Buffalo, New York
The First Two Law Schools to Drop the LSAT Could Be Just the Beginning
Some schools are eliminating the standard exam requirement in order to make it easier for top students to get into their programs
Two law schools said this month that they would begin accepting applicants who have not taken the Law School Admissions Test, a move that may help curb weak interest and plunging enrollments in law schools across the country. The State University of New York-Buffalo Law School and the University of Iowa College of Law said they would admit students from their respective undergraduate colleges based on their grade point average and scores on standardized tests other than the LSAT.
“Taking the LSAT is a pain, and it is expensive,” says James Gardner, dean of SUNY Buffalo’s law school. The test comes with a $170 fee, often in addition to months-long prep courses and tutoring that can cost thousands of dollars. “This is just a way to identify strong-performing students based on perfectly rational criteria that don’t involve the LSAT,” Gardner says.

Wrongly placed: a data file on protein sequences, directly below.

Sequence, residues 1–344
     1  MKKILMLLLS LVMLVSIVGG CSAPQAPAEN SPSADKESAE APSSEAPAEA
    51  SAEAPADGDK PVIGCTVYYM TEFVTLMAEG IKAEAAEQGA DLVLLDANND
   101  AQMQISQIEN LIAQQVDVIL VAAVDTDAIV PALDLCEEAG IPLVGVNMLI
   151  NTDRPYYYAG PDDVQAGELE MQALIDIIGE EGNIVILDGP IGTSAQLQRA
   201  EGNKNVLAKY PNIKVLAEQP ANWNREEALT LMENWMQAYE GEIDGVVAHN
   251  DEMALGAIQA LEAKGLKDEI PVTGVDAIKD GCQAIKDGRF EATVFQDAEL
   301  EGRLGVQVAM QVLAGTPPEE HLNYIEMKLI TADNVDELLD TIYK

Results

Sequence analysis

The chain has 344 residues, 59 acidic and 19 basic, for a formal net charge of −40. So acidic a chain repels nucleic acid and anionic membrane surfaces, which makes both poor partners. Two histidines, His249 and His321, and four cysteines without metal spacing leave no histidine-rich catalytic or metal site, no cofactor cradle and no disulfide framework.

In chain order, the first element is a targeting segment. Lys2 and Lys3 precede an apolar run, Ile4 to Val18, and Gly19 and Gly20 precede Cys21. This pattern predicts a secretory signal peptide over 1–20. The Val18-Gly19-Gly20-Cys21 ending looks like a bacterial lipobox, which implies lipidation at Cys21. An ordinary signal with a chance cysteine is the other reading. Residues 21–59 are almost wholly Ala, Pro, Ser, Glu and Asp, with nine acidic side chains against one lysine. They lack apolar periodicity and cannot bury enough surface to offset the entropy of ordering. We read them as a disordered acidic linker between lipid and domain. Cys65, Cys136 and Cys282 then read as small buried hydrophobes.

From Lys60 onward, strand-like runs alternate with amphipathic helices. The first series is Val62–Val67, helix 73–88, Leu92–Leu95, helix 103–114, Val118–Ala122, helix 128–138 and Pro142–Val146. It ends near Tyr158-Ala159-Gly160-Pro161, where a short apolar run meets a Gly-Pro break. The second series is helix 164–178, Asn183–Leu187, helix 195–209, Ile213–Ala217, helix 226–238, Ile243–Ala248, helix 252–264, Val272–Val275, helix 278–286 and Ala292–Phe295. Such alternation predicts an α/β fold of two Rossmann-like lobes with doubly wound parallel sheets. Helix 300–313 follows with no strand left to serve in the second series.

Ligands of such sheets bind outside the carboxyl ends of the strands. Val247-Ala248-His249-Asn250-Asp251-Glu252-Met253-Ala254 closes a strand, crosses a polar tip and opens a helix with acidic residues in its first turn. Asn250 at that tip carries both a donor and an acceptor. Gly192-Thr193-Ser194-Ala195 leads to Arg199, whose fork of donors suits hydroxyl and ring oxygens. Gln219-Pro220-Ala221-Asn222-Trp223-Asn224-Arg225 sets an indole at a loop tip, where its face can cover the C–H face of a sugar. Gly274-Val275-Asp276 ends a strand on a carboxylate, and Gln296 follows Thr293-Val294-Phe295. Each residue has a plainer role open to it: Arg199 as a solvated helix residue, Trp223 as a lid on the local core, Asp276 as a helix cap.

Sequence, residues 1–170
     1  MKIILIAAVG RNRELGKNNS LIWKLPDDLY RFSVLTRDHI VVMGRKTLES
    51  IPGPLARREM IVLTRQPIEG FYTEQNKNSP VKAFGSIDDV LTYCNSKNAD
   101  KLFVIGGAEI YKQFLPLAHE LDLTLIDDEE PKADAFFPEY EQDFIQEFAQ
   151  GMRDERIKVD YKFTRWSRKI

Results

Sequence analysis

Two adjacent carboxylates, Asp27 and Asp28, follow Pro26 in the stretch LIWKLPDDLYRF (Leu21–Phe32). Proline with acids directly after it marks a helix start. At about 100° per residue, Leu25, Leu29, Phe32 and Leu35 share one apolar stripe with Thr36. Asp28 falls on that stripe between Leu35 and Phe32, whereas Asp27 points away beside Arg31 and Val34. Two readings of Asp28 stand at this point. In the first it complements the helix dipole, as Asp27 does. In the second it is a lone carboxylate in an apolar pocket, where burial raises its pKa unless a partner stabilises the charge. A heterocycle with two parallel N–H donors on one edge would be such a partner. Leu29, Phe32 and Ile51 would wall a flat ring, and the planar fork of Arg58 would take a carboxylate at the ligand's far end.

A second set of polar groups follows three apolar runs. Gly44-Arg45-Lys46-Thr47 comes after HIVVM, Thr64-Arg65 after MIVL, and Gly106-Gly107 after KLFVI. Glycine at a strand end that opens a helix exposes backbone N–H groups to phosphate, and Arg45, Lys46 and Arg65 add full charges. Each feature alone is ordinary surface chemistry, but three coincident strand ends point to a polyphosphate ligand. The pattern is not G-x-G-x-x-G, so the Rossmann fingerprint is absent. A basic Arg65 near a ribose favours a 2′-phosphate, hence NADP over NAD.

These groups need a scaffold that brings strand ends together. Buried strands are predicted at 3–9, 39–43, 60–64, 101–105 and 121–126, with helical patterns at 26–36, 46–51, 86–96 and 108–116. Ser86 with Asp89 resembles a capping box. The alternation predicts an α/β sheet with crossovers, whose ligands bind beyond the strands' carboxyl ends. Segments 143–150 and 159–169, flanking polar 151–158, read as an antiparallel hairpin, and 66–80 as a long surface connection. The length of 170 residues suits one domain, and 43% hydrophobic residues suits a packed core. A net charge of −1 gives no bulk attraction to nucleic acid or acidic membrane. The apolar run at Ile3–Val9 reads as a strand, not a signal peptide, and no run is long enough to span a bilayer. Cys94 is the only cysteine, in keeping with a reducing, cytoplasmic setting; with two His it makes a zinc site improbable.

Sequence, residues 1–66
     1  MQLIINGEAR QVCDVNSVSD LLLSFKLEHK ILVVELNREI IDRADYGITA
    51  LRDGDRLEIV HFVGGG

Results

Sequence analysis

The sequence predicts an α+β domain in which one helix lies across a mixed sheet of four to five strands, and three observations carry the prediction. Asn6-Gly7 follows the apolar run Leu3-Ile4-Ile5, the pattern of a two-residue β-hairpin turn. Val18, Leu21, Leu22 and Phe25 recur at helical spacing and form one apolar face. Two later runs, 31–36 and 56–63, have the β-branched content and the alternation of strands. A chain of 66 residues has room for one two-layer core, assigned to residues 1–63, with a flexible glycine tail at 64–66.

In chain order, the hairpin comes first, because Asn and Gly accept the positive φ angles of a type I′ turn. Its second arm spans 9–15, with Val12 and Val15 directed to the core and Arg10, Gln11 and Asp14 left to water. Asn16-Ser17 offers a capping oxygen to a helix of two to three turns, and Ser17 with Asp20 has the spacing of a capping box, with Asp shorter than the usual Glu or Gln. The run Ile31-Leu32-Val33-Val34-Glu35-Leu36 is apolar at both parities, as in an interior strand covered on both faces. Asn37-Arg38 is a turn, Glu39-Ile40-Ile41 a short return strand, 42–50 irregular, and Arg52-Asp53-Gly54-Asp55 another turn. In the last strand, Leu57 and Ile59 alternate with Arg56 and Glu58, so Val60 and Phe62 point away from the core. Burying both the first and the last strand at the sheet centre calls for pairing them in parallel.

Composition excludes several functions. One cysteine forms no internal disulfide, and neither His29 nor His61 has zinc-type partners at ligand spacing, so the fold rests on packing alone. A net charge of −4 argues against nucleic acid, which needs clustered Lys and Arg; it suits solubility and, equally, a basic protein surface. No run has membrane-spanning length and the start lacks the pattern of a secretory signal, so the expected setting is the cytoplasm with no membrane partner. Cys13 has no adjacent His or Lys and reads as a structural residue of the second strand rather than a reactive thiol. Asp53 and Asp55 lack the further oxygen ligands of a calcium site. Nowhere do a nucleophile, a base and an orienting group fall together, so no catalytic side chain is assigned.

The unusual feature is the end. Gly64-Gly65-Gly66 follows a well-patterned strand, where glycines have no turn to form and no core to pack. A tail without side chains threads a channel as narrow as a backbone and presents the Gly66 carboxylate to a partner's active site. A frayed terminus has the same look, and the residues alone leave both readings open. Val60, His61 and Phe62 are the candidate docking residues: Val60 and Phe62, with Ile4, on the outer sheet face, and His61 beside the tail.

If the LSAT is g-loaded, then the real reason for this is very similar for the reason why a lot of undergrad schools are making the SAT/ACT optional for admissions. Because diversity. High scorers will self-report to impress the admissions committee, NAMs won’t because they’re NAMs. Therefore, you’ll have a Freshman class that has both a very high SAT/ACT average and high NAM diversity. The dirty little secret is that you’re supposed to walk away thinking the NAMs contributed to the high SAT/ACT average, but they didn’t. Likewise, I think making the LSAT optional for law school is a means to be able to slip more NAMs in.
Currier says doing away with the test might draw people to a career in law who would otherwise go to business or medical school.
Because we’re really suffering for a lack of lawyers.